Virtual Refrigerator Magnet Museum

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magnet display area

History

Little is documented about the origin of refrigerator magnets. That is, we didn’t find any information during our five minutes of searching the web. However, it’s safe to assume that they didn’t exist before metal refrigerators. This probably would have been around the early 1920’s, when refrigerators (as opposed to ice boxes) began to be marketed.

Displaying your own collection

We recommend using a refrigerator. The one at right, proudly mounted on cement blocks, is a particularly fine example. This collector has actually moved his exhibit away from the wall and into the center of the kitchen so as to better showcase it.

Keep in mind that it isn’t necessary for the refrigerator to actually work in order to create an effective display. For the purposes of exhibition, one can pick up a bargain refrigerator at a charity shop or the local dump. To conserve floor space, one can also remove the doors from refrigerators and mount them on a wall. In a pinch, other metal objects such as filing cabinets and motorcycles will work, or one can simply panel a wall with sheet metal.

Assembling your own

Collection

Readimade magnets are available at online, at junk sales and almost all stores. Most are tacky. You can also make your own. Almost anything can become a refrigerator magnet, provided that it’s smaller than the refrigerator and is light enough to be suspended by copious numbers of magnets.

The Tacky Living Collections

Pop Art
“Of or pertaining to carbonated
beverages; uses commercial or popular themes as its subject matter.”

 

 

A quintessential pop art example, this magnet is indispensable for the opening of pop bottles or cans, particularly for those concerned with breaking fingernails.

This example has experienced deterioration and is in need of immediate conservation. Note the chipped plastic on the magnet’s righthand side and faded metallic gold daisies. Otherwise, this a fine piece.

  This magnet makes a deliciously ironic statement about the connection between society’s obsession with drinking chocolate milk and its watching TV. The simple, rich colors and graceful, fluid forms exemplify the experience of spilling a thick, frothy glass of chocolate milk on an expensive couch.

 

 

A sly blend of sophistication and naiveté, this magnet combines intriguing French text with that universal dieting icon, the scale.

A wonderful example of the “dieting guilt” theme condensed into in a small package.

 

Vintage 70’s.

One of the few examples of poly-methyl-tetra-fluoro-ethyl-ene-meth-terephthal-tetra-fluoro-propyl -ethylene-acryl-phthalate still in existence. Very rare, very remarkable.

 

This item is made of a particularly odd plastic coated with a shiny chrome-like material. The surface scratches easily, making it appropriate for casual household use. Its bold Christmas holiday theme is somewhat unusual among magnets.   The tongue-in-cheek nature of this tiny map is enhanced by the fact that the Hollywood icon is depicted as being near San Francisco and the Golden Gate bridge is displaced north by approximately 400 miniature miles.

Naive
“Naive Art can be characterized by the freedom from the constricting need to represent life with any kind of objective accuracy …”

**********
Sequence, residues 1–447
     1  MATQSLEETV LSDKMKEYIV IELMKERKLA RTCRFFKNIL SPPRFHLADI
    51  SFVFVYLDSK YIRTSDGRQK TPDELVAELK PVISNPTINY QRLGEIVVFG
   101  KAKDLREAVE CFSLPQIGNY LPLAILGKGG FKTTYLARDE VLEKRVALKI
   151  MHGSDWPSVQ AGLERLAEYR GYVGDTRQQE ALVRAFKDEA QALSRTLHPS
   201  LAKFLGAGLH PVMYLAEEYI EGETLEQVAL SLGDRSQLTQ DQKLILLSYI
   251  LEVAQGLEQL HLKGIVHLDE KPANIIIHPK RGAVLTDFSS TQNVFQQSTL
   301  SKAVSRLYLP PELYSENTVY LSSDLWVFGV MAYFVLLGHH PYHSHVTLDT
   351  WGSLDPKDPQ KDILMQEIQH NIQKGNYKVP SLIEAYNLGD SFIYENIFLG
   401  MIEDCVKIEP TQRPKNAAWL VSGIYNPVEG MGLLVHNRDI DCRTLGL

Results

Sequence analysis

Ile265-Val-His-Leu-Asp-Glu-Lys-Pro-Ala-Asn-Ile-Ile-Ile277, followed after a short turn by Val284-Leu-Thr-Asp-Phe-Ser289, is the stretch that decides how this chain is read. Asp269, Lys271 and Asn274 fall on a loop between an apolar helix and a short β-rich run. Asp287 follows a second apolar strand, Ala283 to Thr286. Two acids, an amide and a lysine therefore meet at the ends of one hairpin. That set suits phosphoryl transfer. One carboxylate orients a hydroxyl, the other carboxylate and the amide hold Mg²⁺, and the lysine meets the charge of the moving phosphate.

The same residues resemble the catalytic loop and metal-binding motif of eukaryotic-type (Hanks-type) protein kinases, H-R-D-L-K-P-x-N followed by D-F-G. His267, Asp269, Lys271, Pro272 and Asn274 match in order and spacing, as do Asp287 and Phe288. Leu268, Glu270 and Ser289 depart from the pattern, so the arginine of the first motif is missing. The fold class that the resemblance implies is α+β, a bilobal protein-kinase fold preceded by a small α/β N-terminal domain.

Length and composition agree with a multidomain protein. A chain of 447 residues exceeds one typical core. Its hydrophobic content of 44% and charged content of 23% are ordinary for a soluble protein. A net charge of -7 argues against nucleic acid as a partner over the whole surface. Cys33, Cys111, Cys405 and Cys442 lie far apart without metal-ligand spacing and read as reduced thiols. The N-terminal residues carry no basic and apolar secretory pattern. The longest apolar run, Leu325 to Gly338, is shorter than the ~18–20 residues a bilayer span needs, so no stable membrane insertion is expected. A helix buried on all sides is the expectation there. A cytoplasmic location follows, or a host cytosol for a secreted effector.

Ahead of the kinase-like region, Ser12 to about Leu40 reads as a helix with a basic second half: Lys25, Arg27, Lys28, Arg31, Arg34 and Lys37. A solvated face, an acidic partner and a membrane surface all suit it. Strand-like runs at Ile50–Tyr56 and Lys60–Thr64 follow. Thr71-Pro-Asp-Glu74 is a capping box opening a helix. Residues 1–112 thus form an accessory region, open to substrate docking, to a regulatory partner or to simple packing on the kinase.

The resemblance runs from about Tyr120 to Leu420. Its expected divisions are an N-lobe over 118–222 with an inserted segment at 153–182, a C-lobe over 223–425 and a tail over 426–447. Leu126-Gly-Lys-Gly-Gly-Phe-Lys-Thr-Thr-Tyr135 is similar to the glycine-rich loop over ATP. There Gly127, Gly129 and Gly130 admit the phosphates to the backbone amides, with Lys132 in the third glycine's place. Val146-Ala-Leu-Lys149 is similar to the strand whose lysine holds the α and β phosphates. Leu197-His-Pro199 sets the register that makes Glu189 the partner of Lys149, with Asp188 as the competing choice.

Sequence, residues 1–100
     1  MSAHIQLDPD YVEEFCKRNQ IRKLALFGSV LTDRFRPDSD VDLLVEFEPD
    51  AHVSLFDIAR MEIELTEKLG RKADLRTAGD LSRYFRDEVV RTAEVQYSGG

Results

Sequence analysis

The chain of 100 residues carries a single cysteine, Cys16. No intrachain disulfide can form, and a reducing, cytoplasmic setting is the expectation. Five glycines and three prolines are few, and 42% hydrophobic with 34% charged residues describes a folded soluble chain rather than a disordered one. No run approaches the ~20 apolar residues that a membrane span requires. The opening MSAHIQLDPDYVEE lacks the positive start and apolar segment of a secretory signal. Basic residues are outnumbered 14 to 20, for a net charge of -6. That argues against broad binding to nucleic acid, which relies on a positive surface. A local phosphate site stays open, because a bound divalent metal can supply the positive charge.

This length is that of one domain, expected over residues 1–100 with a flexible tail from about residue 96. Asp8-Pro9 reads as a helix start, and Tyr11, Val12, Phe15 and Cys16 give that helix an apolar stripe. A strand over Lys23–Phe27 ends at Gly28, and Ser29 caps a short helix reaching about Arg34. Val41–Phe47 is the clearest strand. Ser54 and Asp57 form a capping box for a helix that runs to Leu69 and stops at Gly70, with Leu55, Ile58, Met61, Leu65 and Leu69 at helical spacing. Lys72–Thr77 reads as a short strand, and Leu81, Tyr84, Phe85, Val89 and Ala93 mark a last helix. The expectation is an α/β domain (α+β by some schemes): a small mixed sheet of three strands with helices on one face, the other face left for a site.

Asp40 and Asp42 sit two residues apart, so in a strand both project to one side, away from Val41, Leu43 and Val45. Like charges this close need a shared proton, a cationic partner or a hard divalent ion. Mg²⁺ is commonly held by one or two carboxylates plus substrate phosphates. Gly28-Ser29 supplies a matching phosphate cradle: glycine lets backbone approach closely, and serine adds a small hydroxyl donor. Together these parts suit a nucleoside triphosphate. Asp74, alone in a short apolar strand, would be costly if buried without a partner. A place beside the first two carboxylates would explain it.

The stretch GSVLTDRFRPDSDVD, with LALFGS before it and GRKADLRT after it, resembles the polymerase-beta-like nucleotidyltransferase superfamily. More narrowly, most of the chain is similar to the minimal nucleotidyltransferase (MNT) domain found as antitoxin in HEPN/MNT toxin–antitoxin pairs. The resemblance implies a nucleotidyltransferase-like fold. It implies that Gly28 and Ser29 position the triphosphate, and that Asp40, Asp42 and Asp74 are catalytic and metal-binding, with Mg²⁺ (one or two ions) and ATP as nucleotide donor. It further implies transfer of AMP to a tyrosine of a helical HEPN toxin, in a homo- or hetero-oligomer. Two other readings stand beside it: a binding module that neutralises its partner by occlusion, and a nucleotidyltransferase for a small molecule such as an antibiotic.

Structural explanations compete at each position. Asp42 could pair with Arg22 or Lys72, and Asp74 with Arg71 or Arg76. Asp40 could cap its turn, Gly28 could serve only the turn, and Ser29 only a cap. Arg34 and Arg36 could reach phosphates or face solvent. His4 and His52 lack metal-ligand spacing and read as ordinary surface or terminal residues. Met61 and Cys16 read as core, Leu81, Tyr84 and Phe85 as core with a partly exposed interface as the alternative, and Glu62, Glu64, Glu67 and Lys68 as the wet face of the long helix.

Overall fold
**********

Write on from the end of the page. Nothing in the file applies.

The delicate crazing of the stoneware glaze is characteristic of those pieces that have been knocked down repeatedly by overweight parakeets or which have been hurled at cement walkways.

The designer of this magnet, as with the cow at right, made the erroneous assumption that people wish to be reminded of the original form of the food that they eat.

 

Mass produced by the cheapest possible means. Note the bold copyright mark in lower righthand corner, which mars the magnet’s appearance.

Still has original bells; in exceptionally fine condition.

 
Homemade. An outstanding example of naive art made in an area of limited resources. Materials, presumably procured from a small dime store smelling of mothballs, include plastic canvas and coarse acrylic yarn.   This piece is executed with flat, somewhat somber colors which allow it to be positioned for sale as a nostalgia item, thus commanding a ridiculously high price.
   
An edgy example portraying a fantasy theme, this magnet combines unlikely colors with hints of a biological or post-apocalyptic genetic engineering atrocity. Particularly coveted by prepubescent females.    

Anthropomorphism
“Of or pertaining to the unexpected wearing of clothes or exhibition of other human characteristics.”

 

 

A homemade, uniquely 20th century work. Its creation would have been impossible without the development of mass produced googly eyes and synthetic pom poms.

Note the simplicity of line, the vibrance of colors.

  This piece combines the “rebel teenager” icons of sunglasses and a skateboard with the cuddly softness of a Teddy Bear. No doubt it is intended to appeal to aging females who wish their teenagers were cuddly again.
   
Benignly accepting of their ultimate fate – being diced and thrown in a stew pot – these remarkable plastic creatures continue to serve the family by loyally attaching bad grade reports to the refrigerator.    

Baroque

 

   
 
“Laughlin, Nevada”. The iridescence in this example highlights the commercial importance of latter 20th century thin film technology.   What plumbing has to do with plums, we shall never know. However, if you need this company’s services, your plumbing is presumably baroque.

Photorealism
“An art movement that began in the late 1960’s, in which subjects are rendered with a hard, photographic precision”

 

 
Andromeda Galaxy – “Wish you were here!”    
Virtual Refrigerator Magnet Museum
5 (100%) 1 vote


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